Charity drive employees, contractors fight reforms meant to reduce waste

Office of Personnel Management officials thought their reform proposals for the government's overhead-laden annual federal charity drive, which has seen participation rates drop every year, were common-sense and necessary.

Acknowledging that "there are some very serious challenges that the program has in the modern day," Office of the Combined Federal Campaign director Keith Willingham said the changes would get rid of $10 million in unnecessary or duplicative overhead and direct that money to the charities for which it was intended.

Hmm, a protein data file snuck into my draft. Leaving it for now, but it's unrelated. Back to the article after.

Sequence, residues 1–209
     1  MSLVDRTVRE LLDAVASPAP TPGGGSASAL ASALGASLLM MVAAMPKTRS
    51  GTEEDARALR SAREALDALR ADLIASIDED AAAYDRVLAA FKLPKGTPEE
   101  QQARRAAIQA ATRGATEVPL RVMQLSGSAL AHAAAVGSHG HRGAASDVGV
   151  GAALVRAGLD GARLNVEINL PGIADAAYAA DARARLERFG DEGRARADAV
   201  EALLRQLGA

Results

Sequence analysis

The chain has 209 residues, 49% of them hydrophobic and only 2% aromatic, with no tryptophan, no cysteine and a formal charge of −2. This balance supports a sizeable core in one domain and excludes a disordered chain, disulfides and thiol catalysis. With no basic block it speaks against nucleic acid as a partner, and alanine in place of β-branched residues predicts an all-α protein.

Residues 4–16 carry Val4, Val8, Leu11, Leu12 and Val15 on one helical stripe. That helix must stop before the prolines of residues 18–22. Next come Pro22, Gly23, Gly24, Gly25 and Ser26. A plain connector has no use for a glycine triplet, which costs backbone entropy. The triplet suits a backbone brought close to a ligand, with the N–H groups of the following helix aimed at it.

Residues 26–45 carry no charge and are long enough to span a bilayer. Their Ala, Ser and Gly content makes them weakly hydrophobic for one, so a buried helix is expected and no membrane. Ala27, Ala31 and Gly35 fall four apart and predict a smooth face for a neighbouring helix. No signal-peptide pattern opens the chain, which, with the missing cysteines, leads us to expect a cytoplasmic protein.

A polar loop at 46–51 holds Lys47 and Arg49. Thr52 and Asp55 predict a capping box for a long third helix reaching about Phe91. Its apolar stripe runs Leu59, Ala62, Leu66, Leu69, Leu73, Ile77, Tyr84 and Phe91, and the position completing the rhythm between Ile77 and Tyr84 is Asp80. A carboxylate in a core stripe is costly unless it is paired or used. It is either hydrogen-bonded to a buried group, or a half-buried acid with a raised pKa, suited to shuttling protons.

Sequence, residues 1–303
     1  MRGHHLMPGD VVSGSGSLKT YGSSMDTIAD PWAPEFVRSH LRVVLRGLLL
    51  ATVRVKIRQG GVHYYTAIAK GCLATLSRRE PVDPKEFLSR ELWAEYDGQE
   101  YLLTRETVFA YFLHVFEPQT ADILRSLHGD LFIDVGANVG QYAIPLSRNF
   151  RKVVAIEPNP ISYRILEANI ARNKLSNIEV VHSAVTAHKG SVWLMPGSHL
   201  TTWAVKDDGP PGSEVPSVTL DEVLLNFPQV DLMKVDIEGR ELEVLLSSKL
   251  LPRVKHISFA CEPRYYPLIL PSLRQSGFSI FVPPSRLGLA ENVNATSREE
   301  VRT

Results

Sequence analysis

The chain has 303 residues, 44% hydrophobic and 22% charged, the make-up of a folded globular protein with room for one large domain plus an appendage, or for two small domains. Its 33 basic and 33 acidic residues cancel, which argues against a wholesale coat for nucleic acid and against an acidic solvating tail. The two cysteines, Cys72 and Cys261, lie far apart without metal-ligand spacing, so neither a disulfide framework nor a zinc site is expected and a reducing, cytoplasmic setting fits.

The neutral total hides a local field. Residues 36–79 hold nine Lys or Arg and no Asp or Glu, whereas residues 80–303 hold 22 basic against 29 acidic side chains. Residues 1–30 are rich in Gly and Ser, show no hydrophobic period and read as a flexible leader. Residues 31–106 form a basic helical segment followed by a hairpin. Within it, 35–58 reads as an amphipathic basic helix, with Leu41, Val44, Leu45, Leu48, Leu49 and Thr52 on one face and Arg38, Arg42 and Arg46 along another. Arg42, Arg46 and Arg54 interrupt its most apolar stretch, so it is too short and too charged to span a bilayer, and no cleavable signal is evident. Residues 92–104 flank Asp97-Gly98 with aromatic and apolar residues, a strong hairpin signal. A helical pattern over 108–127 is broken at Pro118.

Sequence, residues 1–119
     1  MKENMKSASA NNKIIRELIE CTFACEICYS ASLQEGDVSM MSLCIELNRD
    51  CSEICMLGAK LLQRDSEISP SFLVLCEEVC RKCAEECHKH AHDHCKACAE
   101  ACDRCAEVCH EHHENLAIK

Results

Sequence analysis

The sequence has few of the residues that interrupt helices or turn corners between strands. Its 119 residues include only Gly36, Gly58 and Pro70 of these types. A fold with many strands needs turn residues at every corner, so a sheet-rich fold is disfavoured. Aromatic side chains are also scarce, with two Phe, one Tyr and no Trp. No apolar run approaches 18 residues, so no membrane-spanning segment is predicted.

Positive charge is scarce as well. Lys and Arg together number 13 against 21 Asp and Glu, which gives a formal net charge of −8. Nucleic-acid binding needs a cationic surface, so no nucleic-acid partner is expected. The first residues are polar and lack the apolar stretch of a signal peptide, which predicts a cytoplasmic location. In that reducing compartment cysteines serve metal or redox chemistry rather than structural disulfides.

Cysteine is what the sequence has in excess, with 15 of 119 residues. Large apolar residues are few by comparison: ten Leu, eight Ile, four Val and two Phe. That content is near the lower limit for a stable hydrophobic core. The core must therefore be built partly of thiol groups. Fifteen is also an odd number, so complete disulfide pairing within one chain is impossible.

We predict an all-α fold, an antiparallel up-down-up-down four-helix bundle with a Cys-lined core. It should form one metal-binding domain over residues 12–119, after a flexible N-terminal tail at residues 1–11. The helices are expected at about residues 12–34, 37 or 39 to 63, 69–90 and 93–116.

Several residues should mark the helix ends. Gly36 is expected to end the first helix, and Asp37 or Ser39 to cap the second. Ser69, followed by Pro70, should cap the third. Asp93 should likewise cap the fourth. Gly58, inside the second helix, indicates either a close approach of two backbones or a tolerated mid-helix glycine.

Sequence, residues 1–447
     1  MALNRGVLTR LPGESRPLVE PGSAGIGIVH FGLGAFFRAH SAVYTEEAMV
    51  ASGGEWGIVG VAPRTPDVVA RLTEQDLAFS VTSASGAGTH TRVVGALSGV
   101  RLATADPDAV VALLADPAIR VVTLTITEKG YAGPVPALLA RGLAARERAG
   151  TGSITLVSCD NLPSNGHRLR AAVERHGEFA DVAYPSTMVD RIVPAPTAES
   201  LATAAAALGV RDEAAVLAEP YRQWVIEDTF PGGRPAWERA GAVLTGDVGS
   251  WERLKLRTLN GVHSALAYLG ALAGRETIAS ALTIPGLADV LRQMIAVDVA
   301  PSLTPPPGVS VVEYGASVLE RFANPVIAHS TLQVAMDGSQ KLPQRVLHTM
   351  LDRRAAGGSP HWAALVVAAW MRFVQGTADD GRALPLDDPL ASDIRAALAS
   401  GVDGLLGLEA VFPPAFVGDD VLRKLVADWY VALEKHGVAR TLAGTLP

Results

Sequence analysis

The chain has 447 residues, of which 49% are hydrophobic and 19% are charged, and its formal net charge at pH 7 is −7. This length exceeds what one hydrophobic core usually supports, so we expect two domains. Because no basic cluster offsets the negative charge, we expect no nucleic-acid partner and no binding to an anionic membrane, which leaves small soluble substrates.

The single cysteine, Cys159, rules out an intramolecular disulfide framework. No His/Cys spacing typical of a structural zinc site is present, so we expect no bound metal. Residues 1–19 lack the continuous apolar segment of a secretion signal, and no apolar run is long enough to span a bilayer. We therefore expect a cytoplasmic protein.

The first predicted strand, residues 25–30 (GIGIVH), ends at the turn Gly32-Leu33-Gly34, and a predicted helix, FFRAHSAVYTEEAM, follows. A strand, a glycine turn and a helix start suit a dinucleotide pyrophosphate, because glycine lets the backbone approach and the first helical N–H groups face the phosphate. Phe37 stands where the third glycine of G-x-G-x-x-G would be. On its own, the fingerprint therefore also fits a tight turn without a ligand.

But then hundreds of federal employees and contractors working on the CFC program angrily protested. Last month, the Office of Personnel Management, which runs CFC, made concessions on some elements of the proposed reform and is proceeding gingerly with the core of it.

Hundreds of workers - OPM said it doesn't even know how many - are currently paid to do nothing but administer charity drives in each of 163 separate localities across the country.

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